Archive for the ‘public management’ Category

“Under communism, man is manipulated by man – whereas under capitalism, it’s the other way around.” John Kenneth Galbraith.

I work out at the Juneau Racket Club 3-4 four times a week – mostly for (a) the exercise but also for (b) the view, and (c) the subsequent sauna treat. It’s a short 5-minute walk from our house to the downtown branch, where the equipment is stashed in 3 long rows facing a swath of big windows looking out over the Gastineau Channel. It’s a blast to watch the cruise ships arrive in the early morning and inch their way carefully towards the dock or, as the case may be on a busy day with 5-6 of them coming in, anchor.  Framing the top of the windows is a strip of TV displays – thankfully, all muted to their various channels so you have the choice of wearing earphones if you want to listen.  Mostly I don’t, but usually a row of text appears at the bottom (what the heck is the word for that?  I’ve lost it….) so if I have my glasses on I can follow what’s being said.

The point is, that one day last week I had an eye on two adjacent TV monitors.  One featured Robert Reich talking about his new book Supercapitalism in which he writes that power has shifted from the individual’s role as citizen to his/her role as consumer and investor. In the aggregate, we no longer value life as prime, we now value money as the most important element. This shift has alienated us from governance and community.  To see what he meant, all I had to do was switch to glancing at the adjacent screen showing a thirty-minute commercial about cosmetics, with beautiful young women coating their faces with all kinds of (possibly cancer-inducing) crap while smugly simpering and making sexy eyes at the camera. The contrast was mind-boggling. A truly pathetic if entertaining illustration of the kind of manipulation Galbraith was talking about.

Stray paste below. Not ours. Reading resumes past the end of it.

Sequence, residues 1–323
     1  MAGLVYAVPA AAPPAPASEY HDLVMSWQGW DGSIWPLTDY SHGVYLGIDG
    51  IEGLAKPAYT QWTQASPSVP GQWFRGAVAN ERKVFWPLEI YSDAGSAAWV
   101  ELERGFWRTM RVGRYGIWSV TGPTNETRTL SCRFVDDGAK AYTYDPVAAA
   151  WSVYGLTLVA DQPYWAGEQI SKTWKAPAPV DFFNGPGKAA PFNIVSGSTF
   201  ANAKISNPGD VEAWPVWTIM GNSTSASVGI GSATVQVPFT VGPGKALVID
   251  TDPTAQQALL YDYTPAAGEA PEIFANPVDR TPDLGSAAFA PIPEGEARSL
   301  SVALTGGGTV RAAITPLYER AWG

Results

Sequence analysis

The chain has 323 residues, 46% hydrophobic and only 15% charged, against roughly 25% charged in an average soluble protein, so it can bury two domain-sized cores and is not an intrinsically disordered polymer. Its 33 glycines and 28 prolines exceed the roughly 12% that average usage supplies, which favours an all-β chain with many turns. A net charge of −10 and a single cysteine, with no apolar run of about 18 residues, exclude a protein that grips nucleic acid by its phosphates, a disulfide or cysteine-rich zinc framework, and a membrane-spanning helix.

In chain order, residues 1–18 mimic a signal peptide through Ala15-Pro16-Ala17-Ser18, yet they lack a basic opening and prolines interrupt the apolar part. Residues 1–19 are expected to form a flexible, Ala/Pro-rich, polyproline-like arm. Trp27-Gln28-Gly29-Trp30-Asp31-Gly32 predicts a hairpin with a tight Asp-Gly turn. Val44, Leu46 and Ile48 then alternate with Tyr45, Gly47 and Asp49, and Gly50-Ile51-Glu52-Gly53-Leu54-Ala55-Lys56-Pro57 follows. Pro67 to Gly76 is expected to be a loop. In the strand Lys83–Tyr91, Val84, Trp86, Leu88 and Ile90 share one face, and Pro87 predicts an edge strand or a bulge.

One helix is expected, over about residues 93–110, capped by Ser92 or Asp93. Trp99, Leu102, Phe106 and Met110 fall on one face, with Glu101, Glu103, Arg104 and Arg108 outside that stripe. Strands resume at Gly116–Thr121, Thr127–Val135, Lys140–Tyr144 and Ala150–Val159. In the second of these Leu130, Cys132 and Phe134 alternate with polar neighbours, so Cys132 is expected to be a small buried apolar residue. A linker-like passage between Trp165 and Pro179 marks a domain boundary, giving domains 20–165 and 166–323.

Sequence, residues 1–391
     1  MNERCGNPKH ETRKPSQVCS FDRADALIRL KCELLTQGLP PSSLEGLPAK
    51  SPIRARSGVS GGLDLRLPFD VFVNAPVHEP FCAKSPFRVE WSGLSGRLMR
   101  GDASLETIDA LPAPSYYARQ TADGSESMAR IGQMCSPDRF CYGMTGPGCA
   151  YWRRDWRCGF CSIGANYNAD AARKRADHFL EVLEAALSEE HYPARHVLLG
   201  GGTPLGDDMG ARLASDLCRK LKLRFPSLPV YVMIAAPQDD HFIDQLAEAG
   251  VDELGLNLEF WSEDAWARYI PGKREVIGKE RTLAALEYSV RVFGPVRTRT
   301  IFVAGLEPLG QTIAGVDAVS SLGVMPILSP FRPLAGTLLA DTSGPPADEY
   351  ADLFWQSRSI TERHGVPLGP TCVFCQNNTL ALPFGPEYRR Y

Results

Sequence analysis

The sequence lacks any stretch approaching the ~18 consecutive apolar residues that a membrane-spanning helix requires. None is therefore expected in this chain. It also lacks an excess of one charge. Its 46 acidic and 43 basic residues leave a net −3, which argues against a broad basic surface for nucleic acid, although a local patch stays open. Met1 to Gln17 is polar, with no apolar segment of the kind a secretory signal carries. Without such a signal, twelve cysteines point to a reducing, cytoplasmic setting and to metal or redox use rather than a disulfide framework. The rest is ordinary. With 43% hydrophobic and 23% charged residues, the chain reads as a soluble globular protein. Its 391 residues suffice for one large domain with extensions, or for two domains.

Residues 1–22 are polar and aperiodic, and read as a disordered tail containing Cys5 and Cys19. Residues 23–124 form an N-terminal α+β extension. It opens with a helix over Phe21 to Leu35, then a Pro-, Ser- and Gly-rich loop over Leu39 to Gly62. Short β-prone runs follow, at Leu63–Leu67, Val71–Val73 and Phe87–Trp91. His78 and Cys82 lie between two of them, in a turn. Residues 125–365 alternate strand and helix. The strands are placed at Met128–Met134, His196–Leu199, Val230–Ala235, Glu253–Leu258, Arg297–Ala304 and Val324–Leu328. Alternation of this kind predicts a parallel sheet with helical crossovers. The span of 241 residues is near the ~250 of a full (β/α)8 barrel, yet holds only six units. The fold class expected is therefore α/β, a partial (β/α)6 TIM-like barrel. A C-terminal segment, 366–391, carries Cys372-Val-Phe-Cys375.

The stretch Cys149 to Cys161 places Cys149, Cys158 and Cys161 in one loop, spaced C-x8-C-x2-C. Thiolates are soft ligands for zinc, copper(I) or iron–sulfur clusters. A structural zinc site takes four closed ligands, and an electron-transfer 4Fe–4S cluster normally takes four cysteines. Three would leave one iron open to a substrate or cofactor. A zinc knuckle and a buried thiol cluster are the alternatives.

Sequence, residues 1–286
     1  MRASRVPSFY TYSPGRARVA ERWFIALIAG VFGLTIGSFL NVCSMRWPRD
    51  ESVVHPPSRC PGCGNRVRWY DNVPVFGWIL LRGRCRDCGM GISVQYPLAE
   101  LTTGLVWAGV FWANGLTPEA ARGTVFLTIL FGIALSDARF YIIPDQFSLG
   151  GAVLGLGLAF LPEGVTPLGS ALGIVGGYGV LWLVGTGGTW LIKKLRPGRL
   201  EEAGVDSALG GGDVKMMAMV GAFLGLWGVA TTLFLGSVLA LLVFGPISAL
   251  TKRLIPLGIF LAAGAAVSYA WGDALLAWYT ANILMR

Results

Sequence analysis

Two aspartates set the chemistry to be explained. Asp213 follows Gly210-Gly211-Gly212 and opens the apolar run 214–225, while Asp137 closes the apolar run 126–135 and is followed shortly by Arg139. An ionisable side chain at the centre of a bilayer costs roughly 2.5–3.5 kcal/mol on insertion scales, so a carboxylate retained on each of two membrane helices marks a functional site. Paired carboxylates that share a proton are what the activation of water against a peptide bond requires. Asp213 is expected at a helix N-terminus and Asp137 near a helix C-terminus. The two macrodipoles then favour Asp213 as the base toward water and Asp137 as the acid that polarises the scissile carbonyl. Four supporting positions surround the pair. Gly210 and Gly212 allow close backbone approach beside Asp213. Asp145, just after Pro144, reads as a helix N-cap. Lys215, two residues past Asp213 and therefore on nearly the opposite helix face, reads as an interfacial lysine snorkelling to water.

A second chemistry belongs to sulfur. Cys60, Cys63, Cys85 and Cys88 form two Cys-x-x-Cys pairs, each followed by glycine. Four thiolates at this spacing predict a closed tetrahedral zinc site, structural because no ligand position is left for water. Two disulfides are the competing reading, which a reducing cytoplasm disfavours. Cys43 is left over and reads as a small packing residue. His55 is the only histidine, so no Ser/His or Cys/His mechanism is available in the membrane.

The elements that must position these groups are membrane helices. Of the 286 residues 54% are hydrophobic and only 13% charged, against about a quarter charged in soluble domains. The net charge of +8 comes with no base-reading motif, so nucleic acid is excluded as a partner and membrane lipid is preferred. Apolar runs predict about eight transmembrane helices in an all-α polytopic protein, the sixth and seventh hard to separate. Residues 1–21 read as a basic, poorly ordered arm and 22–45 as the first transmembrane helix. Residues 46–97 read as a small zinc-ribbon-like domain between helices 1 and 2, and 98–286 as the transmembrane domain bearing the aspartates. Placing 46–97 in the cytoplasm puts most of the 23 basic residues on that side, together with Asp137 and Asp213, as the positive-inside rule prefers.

But then, Friday a strong boost of community still going strong.  We walked down to the ribbon-cutting at the newly refurbished Harborview Elementary School, where one of our grandkids still goes.  Nice speeches from assorted state and local elected officials recalling their days through those doors 50 years ago, not to mention an engaging prescence of current student hosts for the event.  Cookies, fruit and punch served in the new “Commons” area to background music from two youthful string quartets. The renovation has produced an outstandingly functional and beautiful interior, bright, airy, colorful and practical learning space in which one can barely discern even a ghost of the previous dark and somewhat grimy rooms.  From there to the Canvas as part of the First Friday art walk through downtown to look at the beautiful bird paintings of by local artist Alan Munro. Home for late supper of halibut chowder – locally caught just yesterday.  So, in Juneau at least, clear evidence that community is still alive and well.

PS, I got it.  Close-captioned.


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Forgot to do a new post last week.

I spent it in a week-long workshop put on by the Grantsmanship Center, Inc. Very useful content and process for public and non-profit entities. Thoroughly enjoyed meeting others from around Alaska.  Among our 26 participants, were 10 native Alaskans so it was a great cultural exchange. Three flew in from the isolated (half-way down the Aleutian chain) community of  Sand Point to work on a proposal to secure funding for a cold-weather greenhouse (to be heated by wind-power) that would raise some local produce for Sand Point’s 950 residents. Right now, all food comes in by barge (takes 6 weeks to get there) and half of it is borderline or rotten on arrival.  Cabbage, e.g., costs $8-$10 per head.

Other participants came in from Ketchikan, Sitka, Hydaburg, Larsen Bay, Anchorage,  and Dillingham to join the rest of us from Juneau. I enjoyed looking up their locations in our Alaska map bible from DeLorme.  If you follow those place-name links you’ll get a flavor of the diverse makeup of communities across our vast, wonderful state.

Then on Wednesday, at 6am we took our dear ones next door to the airport for a 10-day rest and relaxation time on the Oregon coast, collected their 2 dogs to stay with us, and then down to the  dock to spend half-a-dozen hours with Bill’s brother and sister-in-law while their cruise ship was in Juneau. Enjoyed taking them on a tour of our town, opened their eyes a bit I think.  [I think they were expecting red-necky uncouthedness instead of our beautiful little cultural capital.]

Friday evening to the Canvas for a Marimba concert by Zimbabwean musician Paul Mataruse and his band Ruzivo from Whidbey Island, WA.

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